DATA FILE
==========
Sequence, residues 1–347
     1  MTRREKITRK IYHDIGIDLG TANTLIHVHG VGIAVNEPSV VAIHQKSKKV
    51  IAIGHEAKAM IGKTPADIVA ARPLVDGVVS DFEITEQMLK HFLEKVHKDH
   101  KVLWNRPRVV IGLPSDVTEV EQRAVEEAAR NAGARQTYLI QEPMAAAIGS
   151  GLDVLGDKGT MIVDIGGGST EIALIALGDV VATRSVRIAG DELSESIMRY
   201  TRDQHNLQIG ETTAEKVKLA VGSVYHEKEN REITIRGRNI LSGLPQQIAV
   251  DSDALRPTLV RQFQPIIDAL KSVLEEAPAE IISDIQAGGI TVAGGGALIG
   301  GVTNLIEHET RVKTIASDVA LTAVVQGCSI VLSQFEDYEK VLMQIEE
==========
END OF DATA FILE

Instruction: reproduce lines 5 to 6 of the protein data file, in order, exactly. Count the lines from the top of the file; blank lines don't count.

   151  GLDVLGDKGT MIVDIGGGST EIALIALGDV VATRSVRIAG DELSESIMRY
   201  TRDQHNLQIG ETTAEKVKLA VGSVYHEKEN REITIRGRNI LSGLPQQIAV